Project Management

New Problems, Old Project

Kenneth has 14 years of healthcare experience in government and private industry. Over eight years of experience managing healthcare IT projects, operations, contracts, and personnel. His work experience includes project management, contracts and procurements, data analysis, claims adjudication, business writing, and business process modeling. Kenneth was certified in 2006 as a Project Management Professional.

Action items, issues and risks get tracked throughout the project lifecycle. Tasks are tracked in the schedule, and there is a great deal of focus on late finish dates and dependencies. But at the end of the project when everyone is concentrating on crossing the finish line and the team begins to see the light at the end of the tunnel, a lot of problems can crop up. Perhaps certain stakeholders realize that not all of the requirements were detailed enough, or maybe the project team did not account for every risk. At this point, it is probably too late to make large changes to the project schedule or the project scope, but these problems need to be tracked and handled appropriately.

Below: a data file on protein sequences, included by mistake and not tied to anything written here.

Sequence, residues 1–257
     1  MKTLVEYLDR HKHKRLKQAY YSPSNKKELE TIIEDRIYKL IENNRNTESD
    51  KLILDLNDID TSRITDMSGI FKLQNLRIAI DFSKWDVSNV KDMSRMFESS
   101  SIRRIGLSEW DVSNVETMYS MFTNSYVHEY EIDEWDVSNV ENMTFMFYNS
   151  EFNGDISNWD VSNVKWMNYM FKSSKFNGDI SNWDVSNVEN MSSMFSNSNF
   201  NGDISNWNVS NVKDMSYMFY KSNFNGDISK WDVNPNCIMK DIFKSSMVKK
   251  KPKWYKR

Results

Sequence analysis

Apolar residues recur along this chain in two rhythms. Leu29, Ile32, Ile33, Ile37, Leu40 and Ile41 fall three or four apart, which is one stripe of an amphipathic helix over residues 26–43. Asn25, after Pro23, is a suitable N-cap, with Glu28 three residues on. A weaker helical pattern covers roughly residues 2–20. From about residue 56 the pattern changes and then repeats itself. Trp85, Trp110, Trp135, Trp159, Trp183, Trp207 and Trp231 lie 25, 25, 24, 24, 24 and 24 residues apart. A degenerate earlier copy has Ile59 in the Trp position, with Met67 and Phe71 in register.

Not the Project’s Issue
These problems are not issues for the project, so it is easy to push them to the back burner. Even documenting or tracking them in the project documents may not be helpful if those documents will not be used after the project is complete. Once these problems are identified, it needs to be determined who the correct owner is and how they will follow up on the issue.

In some cases, it may be necessary to prolong the project until everything is complete--but some contracts or agreements may not allow that. If that is the case, it is important for the closing of the project to document how those issues will be resolved after the project is complete. It is important …

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"Yesterday I dared to struggle. Today I dare to win."

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